IEA: Industry Entering Period of Greater Oil Price Volatility

IEA: Industry Entering Period of Greater Oil Price Volatility
The industry is entering a period of greater oil price volatility, according to Fatih Birol, the IEA's executive director.

The industry is entering a period of greater oil price volatility, according to Fatih Birol, the IEA's executive director.

"If oil prices rise in the short term, then shale producers can react quite quickly to put more oil on the market, producing a see-saw movement,” Birol said.

“And if we continue to see subdued investments in new conventional oil projects, this could have profound consequences in the longer term,” he added.

Birol’s comments were made following the release of the IEA’s World Energy Outlook 2016 report, which predicted that global oil demand will continue to grow until 2040 - mostly because of the lack of easy alternatives to oil in road freight, aviation and petrochemicals.

Speaking at the World Energy Outlook 2016 launch, Birol outlined that the share of Middle Eastern countries contributing to global oil production reached 35 percent this year, which is the highest level in the last 45 years. Birol also predicted that a second gas revolution, following the shale gas movement in the US, would be seen in the coming years.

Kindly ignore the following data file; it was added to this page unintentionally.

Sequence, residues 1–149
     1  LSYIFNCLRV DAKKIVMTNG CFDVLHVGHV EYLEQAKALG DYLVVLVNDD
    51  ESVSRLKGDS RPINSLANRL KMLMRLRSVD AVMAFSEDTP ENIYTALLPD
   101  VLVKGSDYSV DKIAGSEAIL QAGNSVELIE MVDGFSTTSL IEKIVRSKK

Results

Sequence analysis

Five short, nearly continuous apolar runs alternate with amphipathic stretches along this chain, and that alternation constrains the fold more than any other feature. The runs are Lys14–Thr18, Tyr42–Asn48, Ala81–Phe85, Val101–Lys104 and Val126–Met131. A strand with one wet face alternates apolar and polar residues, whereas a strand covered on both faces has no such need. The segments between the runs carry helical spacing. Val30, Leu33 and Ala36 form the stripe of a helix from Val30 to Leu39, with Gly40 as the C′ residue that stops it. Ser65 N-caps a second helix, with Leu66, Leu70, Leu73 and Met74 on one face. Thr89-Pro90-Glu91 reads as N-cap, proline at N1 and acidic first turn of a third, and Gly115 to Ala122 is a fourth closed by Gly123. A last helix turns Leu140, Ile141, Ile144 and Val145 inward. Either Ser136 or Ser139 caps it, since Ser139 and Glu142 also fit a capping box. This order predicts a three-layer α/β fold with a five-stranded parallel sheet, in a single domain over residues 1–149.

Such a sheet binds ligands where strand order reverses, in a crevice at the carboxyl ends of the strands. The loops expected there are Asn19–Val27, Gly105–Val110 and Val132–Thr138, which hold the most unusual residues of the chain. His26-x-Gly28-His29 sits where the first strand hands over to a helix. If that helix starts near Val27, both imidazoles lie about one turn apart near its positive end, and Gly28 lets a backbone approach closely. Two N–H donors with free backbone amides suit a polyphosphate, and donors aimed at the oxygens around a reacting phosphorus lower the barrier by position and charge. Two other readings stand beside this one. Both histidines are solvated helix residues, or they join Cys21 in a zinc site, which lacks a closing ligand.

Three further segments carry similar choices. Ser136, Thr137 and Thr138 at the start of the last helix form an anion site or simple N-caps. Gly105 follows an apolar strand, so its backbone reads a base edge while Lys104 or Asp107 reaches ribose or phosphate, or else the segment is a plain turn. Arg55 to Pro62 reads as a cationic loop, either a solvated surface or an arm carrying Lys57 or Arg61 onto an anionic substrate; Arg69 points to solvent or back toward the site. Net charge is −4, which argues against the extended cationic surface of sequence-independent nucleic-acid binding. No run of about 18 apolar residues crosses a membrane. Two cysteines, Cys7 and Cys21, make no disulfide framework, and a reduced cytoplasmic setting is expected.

“This is going to be driven by LNG,” Birol said.

The IEA director said that a huge number of LNGs would be coming into the market in the near future, followed by second wave driven by countries such as Mozambique and Tanzania. The report outlined that the share of LNG will overtake pipelines and grow to more than half of the global long-distance gas trade, up from a quarter in 2000.

Earlier this month, the IEA outlined that technological improvements are required if gas is to serve as a long-term fuel, in a report released in time for the official launch of the Paris Agreement reached at COP21 in December 2015.

The agreement aims to limit global warming to “well below 2 degrees celsius” by phasing out inefficient and emission-heavy fuel sources. Due to its relatively clean nature, gas has been touted as a fuel that can help the eventual transition to renewable energy sources.

“Given its flexibility, gas currently plays a critical role in balancing intraday fluctuations in power demand, and has an important role in the 2DS as a complement to variable renewables,” said the IEA report.

A graduate in journalism from Cardiff University, Andreas has eight years of experience as a business journalist. Email Andreas at


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